This is my first post and am so grateful I found this site. My surgery is finally in sight - Oct. 8th. I had an MRI in late June and a 3mm smooth DACA aneurysm was seen. I was having memory issues and the neurologist ordered the test just to be safe. They also found 3 old strokes. I’m a 48 yr. old female with hereditary high cholesterol and a PFO hole in my heart. Otherwise, I’m healthy. Until this. Now I feel like my world is upside down. The follow up MRA confirmed the DACA but it was 4 mm by Aug 15th. I went back to my neurologist who said the aneurysm and strokes were unrelated and basically she’d see me back in a year. Wait. WHAT?? She proceeds to tell me no neurosurgeon will touch something so small. So I started researching the difference between the DACA type of aneurysm versus other types. Advocating for myself, I found a wonderful neurosurgeon from Barrows Neurological Institute in Phoenix who immediately did an angiogram. This was the last week of August. The angio. showed the aneurysm has an irregular morphology and measures 2.68 x 5.34 x 2.17 mm. The neuor. said he would do coiling if he could, but sadly after the angio, he had to refer me to the head of Barrows to schedule the craniotomy with clipping. I am absolutely terrified as I’m sure every person posting on here has been or is in the middle of. I try to keep positive knowing I have one of the best surgeons God could possibly put in my path, but I have no one to talk to who understands anything about the dangers of aneurysms or the feeling with every tiny headache thinking “is this it??”. My husband of course is scared too, so we’re both walking on eggshells around each other. I find myself constantly worrying “what if”. What if something happens that leaves me incapacitated, what if I can’t hug my children, my family. Is all of this worrying silly?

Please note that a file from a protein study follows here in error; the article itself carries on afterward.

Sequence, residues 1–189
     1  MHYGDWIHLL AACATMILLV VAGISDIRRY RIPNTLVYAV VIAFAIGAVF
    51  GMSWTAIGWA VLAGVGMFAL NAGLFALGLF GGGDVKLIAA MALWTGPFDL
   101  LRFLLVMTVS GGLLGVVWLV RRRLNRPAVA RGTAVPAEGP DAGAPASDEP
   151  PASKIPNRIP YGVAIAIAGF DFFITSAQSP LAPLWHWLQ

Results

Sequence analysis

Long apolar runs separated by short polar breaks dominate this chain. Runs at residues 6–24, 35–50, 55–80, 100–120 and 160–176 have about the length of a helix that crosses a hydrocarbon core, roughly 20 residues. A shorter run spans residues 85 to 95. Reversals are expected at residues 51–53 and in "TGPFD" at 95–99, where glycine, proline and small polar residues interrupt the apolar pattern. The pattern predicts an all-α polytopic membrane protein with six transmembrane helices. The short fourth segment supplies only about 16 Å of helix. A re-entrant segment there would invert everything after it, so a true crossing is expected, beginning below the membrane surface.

No it’s not silly , it’s normal to worry … I wish you the procedure to go well !
Thank you gk79!
There is probably not a lot anyone can say to take your worry away. Know that you are not alone. I had my aneurysm clipped 5 weeks ago. Pray! Trust that God will protect you. Your surgeon and team are going to work hard to make sure it’s a success. This is first world medicine. They cleared you for surgery, so they think you will survive. Personally, I asked to be put to sleep ASAP, which they did within 5 minutes of bringing me to OR. The next thing there were several woman around me trying to wake me. One demanding that I answer her questions. I couldn’t yet open my eyes but I knew it was over and that I survived.
It is not silly at all! I have one clipped after rupture and one we are watching. I survived a rupture and craniotomy already, but that doesn’t make it any easier to deal with having an unruptured one still there. I think, for me, the family was the hardest thing to deal with. I worry so much about leaving my family behind, what my kids would do if I wasn’t here to take care of them. I try to take every moment I am given and enjoy it. Best wishes for your surgery and recovery! It’s not an easy place to be in, but you’re on the right path.
Thank you Kgrip0828. I do have to remind myself that I am not the only one lost in the unknown right now, so is my family. Thank you for your words of encouragement. What was the recovery for you like?
mumma1970, I think that having ruptured before knowing anything may have been a bit easier for me after being on this site for a few years. What I did before my 3rd coiling was to get my house in order, both physically and spiritually. It helps with wanting some control and being proactive for yourself and family. So we made sure our wills were up to date, the house cleaned, yard work done, someone to take care of me for a few days, easy foods to heat. Everything to make it easier on us for a couple weeks or so if that makes sense. Dr. Wolfe didn’t know if she would have to do a craniotomy or if coiling would work. She used a balloon assist and so far so good. There’s an old saying that I like to live by, Prepare for the worse, expect the best. Make sure you ask the Neurosurgeon to hook you up with a dietician/ nutritionists as there are guidelines for protein intake and hydration that you absolutely must follow. Good luck and I’ll keep you in my thoughts!
These are great ideas. Both my husband and myself work for City gov’t and our FMLA was granted for both my husband and myself and my neurosurgeon ordered for my husband to have 4 weeks home with me. That is such a blessing and I realize a lot of people aren’t so fortunate with time/jobs/help. We’ve been proactive that just in case the time runs out, HR has been a big help with long-term disability, but I’m hopeful it doesn’t come to that. Gosh I can’t believe you’ve had 3 coils! I don’t know if my nerves could handle going through this again but I read all of the stories here and you’re all so incredibly brave and resilient. Trust me, this forum has been the biggest source of comfort!